I DIDN’T see the man from the Manchester Evening News in the aftermath of Tuesday night’s defeat of Barcelona.
Which is probably just as well — his beaming smile would almost certainly have blinded me.
On the day of the game, he’d used his newspaper column to mock those uppity London scribes who’d dared to suggest that, after the Nou Camp and Stamford Bridge, the presumed God-like genius of Alex Ferguson might be open to reappraisal.
“I genuinely feel I could write tonight’s match verdict right at this moment,” he grandstanded, although he didn’t bother to follow through on his psychic abilities.
“Instead, I’ll simply walk around the Old Trafford press box after the Reds have won and remind southern scribblers it’s highly dangerous to question Fergie’s tactics — the Fiery One always has the last laugh.”
Ultimately, Fergie’s fan was proved right, by the narrowest of margins and, to a large extent, because Barca were like a bit like the absent Ronaldinho in reverse — all dashing good looks but no teeth. Revealingly, there was neither fire nor laughter from Ferguson in the aftermath, just a sober analysis of the ebb and flow of the two legs and, in the way he spent most of his press conference slumped back into his chair, a small physical betrayal of the toll another huge game for the club had taken on the manager as well as his players.
“I knew it would be a long night,” he said. “They’re a great football club, with a terrific philosophy — even their manner at the end of the game was fantastic. It’s not easy to beat that sort of Barcelona team because they’re fantastic footballers.
“First half I thought we were far too nervous, second half I thought we played with more conviction, belief in our selves, confidence in our play. Obviously if you’re 1-0 up towards the end of the game, then your opponents have to have a go and they had a go and I’m glad we got through that, a spell of about 15 minutes which was a bit of a hang-on job. But they didn’t really make any chances, which was basically down to the defending.”
Defeated Barca coach Frank Rijkaard went further, suggesting United had played on the counter-attack both home and away. Ferguson allowed himself a knowing grin at the backhanded compliment.
“What Frank Rijkaard is saying is that we didn’t go hell for leather at them too early.” A pause. A bigger smile. “I think he’d have liked that.”
Rijkaard, whose days at the Nou Camp must now be as numbered as those of Ronaldinho, also seemed to acknowledge Barca’s style — which Jack Charlton might have dubbed “pretty but not effective” — offered no answer to the questions posed by the more pragmatic English game.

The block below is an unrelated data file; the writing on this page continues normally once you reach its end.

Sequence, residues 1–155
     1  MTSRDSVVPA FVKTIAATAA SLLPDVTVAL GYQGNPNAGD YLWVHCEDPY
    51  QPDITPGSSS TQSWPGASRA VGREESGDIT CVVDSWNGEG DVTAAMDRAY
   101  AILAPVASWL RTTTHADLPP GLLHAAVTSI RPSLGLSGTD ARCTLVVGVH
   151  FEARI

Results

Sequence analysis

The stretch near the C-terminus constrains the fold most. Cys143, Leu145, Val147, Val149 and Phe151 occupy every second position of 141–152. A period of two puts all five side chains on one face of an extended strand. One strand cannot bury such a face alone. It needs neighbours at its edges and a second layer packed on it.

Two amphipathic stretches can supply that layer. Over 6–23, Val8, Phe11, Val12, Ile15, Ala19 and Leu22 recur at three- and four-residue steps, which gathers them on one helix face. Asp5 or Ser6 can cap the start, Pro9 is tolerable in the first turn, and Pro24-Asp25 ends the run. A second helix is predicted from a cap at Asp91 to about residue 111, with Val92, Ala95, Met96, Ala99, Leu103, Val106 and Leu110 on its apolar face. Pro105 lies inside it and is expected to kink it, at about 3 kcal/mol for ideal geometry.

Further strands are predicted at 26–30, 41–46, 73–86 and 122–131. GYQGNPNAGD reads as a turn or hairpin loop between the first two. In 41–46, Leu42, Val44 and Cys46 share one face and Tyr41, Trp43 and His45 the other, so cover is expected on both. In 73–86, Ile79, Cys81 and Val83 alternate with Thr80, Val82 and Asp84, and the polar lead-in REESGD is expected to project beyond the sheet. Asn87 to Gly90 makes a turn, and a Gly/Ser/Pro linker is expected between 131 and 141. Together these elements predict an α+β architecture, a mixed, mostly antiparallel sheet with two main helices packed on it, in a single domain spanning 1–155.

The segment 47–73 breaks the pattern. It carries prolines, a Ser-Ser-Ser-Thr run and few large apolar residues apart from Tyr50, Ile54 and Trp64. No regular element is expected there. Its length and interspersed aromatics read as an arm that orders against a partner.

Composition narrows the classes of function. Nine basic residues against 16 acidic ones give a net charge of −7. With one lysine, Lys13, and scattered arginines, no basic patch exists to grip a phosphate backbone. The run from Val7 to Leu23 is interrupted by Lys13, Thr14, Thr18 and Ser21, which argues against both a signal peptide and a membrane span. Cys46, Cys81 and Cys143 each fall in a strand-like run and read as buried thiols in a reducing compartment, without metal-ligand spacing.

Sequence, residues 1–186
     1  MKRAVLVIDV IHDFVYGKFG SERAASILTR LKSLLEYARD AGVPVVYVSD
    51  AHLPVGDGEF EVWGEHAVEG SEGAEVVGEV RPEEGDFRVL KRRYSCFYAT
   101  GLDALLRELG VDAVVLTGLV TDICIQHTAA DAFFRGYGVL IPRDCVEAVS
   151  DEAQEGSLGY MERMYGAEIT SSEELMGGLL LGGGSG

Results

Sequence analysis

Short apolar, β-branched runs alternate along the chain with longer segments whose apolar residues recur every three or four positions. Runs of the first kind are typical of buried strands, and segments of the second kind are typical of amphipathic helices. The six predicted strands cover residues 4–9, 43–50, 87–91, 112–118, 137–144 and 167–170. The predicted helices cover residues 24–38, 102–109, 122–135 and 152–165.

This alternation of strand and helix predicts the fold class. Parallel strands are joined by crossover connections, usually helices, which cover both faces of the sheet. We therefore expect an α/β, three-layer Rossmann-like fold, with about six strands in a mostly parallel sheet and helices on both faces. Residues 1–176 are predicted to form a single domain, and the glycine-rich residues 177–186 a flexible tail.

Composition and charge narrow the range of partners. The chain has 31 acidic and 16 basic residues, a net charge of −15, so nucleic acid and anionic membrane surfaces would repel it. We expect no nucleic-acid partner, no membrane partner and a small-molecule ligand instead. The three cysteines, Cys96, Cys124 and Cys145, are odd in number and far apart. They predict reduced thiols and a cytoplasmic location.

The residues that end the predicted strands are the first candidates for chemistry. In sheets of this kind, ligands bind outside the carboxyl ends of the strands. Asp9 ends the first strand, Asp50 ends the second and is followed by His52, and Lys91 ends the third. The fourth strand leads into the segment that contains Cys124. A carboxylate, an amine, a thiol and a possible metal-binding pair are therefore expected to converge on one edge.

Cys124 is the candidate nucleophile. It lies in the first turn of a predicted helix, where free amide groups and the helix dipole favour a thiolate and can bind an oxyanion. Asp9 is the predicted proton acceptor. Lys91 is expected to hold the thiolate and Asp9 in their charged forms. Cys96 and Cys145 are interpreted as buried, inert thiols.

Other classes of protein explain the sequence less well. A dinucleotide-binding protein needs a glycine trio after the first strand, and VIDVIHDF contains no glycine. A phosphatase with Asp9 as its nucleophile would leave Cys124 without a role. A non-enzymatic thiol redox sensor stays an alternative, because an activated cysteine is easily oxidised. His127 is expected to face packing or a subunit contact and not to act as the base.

“But for the fact two of them had to play against each other, we could very easily have seen four English teams in the semi-finals,” he said. “Because it’s very hard to play against them. Very difficult to beat them. They’re very strong and very disciplined. They all get behind the ball when they’re losing, they’re very well organised, always trying to counter attack. The only thing I think is it’s a pity because I think the English teams have more to give to the public but the results are very important. It’s strange to see English teams defending, defending with their lives and then looking to counter attack, I think they can do more with their own spirit, their own culture but you don’t see it in their European football.”
Identifying where he seems to think English football lost its soul — even as it’s set to scoop European football’s top prize — Rijkaard cited the tactical influence of foreign coaches schooled in the defensive black arts. “They have great players but I don’t it’s the way for a team like Barca to play,” he said sniffily.
One can only assume he hasn’t seen much of Arsenal this season, a side which, much like his own, have failed to turn a richness of ingredients into a winning recipe.
And while it’s reasonable to speak about the foreign influence on the English game, both on the pitch and in the dugout, it’s also only fair to point out the summit meeting between Man U and Chelsea in Moscow will potentially see the number of English-born players on the pitch hitting double figures.
As for the Red Devils, history beckons again. Fifty years after Munich and 40 years after their first European Cup triumph, they are once more on the brink of continental glory. But brink, of course, is the operative word.
The explosion of joy inside Old Trafford at the final whistle on Tuesday will quickly be forgotten should Alex Ferguson’s men stumble, Devon Loch-style, in the final furlongs at home and abroad. As well-known supporter Mr B Ahern might once have put it: a lot done, more to do.
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